Boron and High GF P.radiata
Is Boron demand increasing in our higher genetic P radiata trees?
I have many foresters, and farmers, phoning about what to look for, when assessing a stand of boron deficiency, in a stand of P Radiata . My appraisal of the situation outlines such things as, short fat dumpy trees, with no apical dominance, sinuosity within the stems, or branches, and in extreme cases, apical die back.
Most of these symptoms become apparent in the autumn. I had a farmer ring up from Masterton, he asked me the same question.'' What do I look for to see if my stands are boron deficient. After I told him what to look for, he said, "well I'm a bit bemused, I'm standing adjacent to two wood lots. The first one is about 28 years old, and to my mind it looks excellent. They are due for felling ,there is no dead tops no sinuosity in the stems, or branches, and generally they look very healthy. However, a stones throw away I have a five year old stand of P Radiata, which have got all the symptoms you have outlined . He said, he had no doubt that his five year old stand was boron deficient, and he was about to rectify that by applying Boron chip. But why he asked, are the older trees looking all right..
To answer this question, I gave him a history lesson. I said, when we first started to notice boron deficiency, symptoms started in trees about 4 or 5 years old. Symptoms generally were resin bleeding on the terminal buds, and in the critically deficient areas, terminal die back.
This was around the mid to late 70s, and as our knowledge of the deficiency grew, there appeared to be more symptoms popping up as the years went by. It wasn't until the early 1990s, that we were discovering two year old trees that were becoming extremely boron deficient. In fact, a lot of the plantations that were planted during this time desperately need an application of Boron, at a younger age than initially recommended .
Why were we seeing more of this deficiency earlier on in a trees life, than we had previously noticed. The answer became apparent, after a series of trials were laid down in the early 1990s, looking at the nutrient requirements of our higher G.F. rated trees.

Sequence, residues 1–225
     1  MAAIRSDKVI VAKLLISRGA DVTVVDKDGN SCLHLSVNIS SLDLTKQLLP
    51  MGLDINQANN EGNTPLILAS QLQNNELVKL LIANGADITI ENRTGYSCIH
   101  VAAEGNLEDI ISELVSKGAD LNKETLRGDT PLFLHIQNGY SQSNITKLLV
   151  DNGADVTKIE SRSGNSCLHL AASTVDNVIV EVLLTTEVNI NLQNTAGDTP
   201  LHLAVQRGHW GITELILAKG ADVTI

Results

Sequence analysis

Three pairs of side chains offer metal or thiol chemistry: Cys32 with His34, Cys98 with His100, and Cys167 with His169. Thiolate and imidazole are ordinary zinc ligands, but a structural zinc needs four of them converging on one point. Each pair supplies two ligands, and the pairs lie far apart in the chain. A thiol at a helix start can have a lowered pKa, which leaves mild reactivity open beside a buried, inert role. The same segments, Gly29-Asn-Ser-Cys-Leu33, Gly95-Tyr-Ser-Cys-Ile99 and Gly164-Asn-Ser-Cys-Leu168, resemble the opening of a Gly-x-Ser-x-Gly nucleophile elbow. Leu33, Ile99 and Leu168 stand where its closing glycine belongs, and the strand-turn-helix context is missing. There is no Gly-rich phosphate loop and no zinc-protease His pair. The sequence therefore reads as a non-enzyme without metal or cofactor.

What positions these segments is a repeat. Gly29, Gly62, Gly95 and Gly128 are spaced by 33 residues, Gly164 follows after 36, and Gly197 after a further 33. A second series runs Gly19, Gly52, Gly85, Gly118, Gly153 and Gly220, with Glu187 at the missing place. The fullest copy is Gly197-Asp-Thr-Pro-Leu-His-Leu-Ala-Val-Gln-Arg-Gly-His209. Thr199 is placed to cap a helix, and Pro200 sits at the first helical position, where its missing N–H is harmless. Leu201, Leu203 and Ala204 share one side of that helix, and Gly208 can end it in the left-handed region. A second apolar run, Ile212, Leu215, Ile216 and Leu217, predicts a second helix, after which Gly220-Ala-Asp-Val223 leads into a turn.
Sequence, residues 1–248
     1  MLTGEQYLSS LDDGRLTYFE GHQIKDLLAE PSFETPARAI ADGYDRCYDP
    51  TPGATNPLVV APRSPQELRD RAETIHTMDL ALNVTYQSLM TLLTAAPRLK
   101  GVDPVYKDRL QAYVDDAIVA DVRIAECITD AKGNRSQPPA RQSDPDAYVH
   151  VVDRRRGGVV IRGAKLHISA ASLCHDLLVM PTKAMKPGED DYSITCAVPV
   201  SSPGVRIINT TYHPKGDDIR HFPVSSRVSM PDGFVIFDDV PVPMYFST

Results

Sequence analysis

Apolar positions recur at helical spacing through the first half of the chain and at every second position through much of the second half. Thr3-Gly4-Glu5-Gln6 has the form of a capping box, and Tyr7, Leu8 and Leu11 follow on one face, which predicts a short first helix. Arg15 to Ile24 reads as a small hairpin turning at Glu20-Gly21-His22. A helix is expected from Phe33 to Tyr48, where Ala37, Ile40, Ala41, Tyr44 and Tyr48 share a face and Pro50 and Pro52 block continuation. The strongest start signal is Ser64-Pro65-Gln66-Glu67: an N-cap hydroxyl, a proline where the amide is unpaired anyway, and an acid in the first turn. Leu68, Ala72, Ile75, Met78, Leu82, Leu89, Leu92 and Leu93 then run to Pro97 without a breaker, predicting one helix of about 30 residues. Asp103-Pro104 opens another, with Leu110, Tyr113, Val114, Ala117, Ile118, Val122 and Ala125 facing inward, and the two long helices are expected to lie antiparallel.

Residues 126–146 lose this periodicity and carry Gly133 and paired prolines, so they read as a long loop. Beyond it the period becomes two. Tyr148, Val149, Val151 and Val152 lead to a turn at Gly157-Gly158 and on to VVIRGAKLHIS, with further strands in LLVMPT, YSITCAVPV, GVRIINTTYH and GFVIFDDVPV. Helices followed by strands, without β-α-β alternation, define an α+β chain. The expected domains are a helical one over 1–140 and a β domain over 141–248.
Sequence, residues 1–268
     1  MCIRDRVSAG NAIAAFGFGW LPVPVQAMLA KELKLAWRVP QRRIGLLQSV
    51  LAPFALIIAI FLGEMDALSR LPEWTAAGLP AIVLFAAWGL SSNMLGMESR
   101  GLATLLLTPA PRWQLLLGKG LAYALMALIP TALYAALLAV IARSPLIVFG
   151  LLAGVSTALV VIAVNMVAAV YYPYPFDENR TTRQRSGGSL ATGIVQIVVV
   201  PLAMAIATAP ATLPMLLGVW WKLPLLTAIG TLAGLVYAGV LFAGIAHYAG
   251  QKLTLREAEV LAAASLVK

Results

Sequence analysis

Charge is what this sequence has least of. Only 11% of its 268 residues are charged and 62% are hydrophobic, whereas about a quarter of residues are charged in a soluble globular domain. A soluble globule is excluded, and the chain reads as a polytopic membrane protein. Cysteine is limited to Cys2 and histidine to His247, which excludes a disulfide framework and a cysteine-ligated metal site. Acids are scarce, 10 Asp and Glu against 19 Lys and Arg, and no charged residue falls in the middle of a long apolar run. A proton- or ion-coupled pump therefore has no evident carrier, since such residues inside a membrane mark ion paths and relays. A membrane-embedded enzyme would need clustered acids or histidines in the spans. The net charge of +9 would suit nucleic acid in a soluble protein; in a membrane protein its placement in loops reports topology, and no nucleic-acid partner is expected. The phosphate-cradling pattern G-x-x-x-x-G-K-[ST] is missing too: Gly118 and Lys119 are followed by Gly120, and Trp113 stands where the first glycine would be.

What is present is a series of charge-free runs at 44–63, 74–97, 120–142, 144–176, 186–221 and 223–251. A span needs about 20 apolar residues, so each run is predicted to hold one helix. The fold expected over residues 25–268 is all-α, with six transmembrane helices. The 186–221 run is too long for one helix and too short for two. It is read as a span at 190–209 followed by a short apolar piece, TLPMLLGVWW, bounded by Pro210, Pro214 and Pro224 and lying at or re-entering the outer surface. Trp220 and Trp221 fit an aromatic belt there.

In the old days, P Radiata seed was collected by climbing good form, and dominant trees, and collecting the cones. The resulting seed was the basis of our plantation forests then. Now all our trees that are available on the market, are genetically superior in every way, both in growth and form . These genetically superior trees require more boron, at an earlier age than the "old climb and select crops".
This is not to say, in any way that these higher, genetic trees are inferior, quite the opposite. These selected families have proven to be the best for our growing needs. Just like with animals, selected breeding with trees is no different. As we reduce our genetic base, we are finding that certain families have certain characteristic, all of which require boron at an earlier age. So much so, that we even fertilise trees with boron that have yet to leave the nursery, so as to help them in their new environment once they get planted out. In many cases, these trees will require an application of boron, prior to the start of their second growing season.
In order to get a handle on the optimum time to apply boron, a series of trials were carried out with boron rich seedlings, and boron deficient seedlings. An interesting spin off eventuated from these trials, in that, it was found that the most significant advantage of seeds that were boron rich, was that they could withstand an extra five degrees of frost before mortality was recorded.
This was a very interesting phenomenon, and the reason why this has occurred is still speculative. One suggestion is that, boron rich seedlings have a much stronger terminal bud and can withstand a higher degree of frost. This may well be the case, however if you are considering planting P Radiata in frosty areas, I would suggest that you consider planting P Radiata cuttings, as opposed to P Radiata seedlings. Your survival rates will drastically improve, especially if you are planting aged cuttings.